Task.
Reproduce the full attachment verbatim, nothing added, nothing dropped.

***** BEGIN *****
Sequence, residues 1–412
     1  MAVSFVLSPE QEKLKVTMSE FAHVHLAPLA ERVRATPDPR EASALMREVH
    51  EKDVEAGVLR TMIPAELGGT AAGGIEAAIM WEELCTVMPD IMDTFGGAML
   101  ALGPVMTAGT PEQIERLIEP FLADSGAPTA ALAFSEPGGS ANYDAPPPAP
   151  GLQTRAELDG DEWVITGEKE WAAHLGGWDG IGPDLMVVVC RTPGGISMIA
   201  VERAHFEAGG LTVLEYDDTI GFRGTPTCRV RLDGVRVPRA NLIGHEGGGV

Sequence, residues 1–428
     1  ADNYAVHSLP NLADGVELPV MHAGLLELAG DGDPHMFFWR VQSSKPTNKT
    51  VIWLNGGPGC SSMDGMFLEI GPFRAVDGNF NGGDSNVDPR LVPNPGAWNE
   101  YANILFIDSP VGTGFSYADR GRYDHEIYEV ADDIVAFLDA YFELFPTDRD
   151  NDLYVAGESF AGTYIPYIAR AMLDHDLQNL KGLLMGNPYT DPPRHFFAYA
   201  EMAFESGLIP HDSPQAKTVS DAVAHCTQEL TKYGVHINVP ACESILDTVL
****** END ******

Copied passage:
Sequence, residues 1–412
     1  MAVSFVLSPE QEKLKVTMSE FAHVHLAPLA ERVRATPDPR EASALMREVH
    51  EKDVEAGVLR TMIPAELGGT AAGGIEAAIM WEELCTVMPD IMDTFGGAML
   101  ALGPVMTAGT PEQIERLIEP FLADSGAPTA ALAFSEPGGS ANYDAPPPAP
   151  GLQTRAELDG DEWVITGEKE WAAHLGGWDG IGPDLMVVVC RTPGGISMIA
   201  VERAHFEAGG LTVLEYDDTI GFRGTPTCRV RLDGVRVPRA NLIGHEGGGV

Sequence, residues 1–428
     1  ADNYAVHSLP NLADGVELPV MHAGLLELAG DGDPHMFFWR VQSSKPTNKT
    51  VIWLNGGPGC SSMDGMFLEI GPFRAVDGNF NGGDSNVDPR LVPNPGAWNE
   101  YANILFIDSP VGTGFSYADR GRYDHEIYEV ADDIVAFLDA YFELFPTDRD
   151  NDLYVAGESF AGTYIPYIAR AMLDHDLQNL KGLLMGNPYT DPPRHFFAYA
   201  EMAFESGLIP HDSPQAKTVS DAVAHCTQEL TKYGVHINVP ACESILDTVL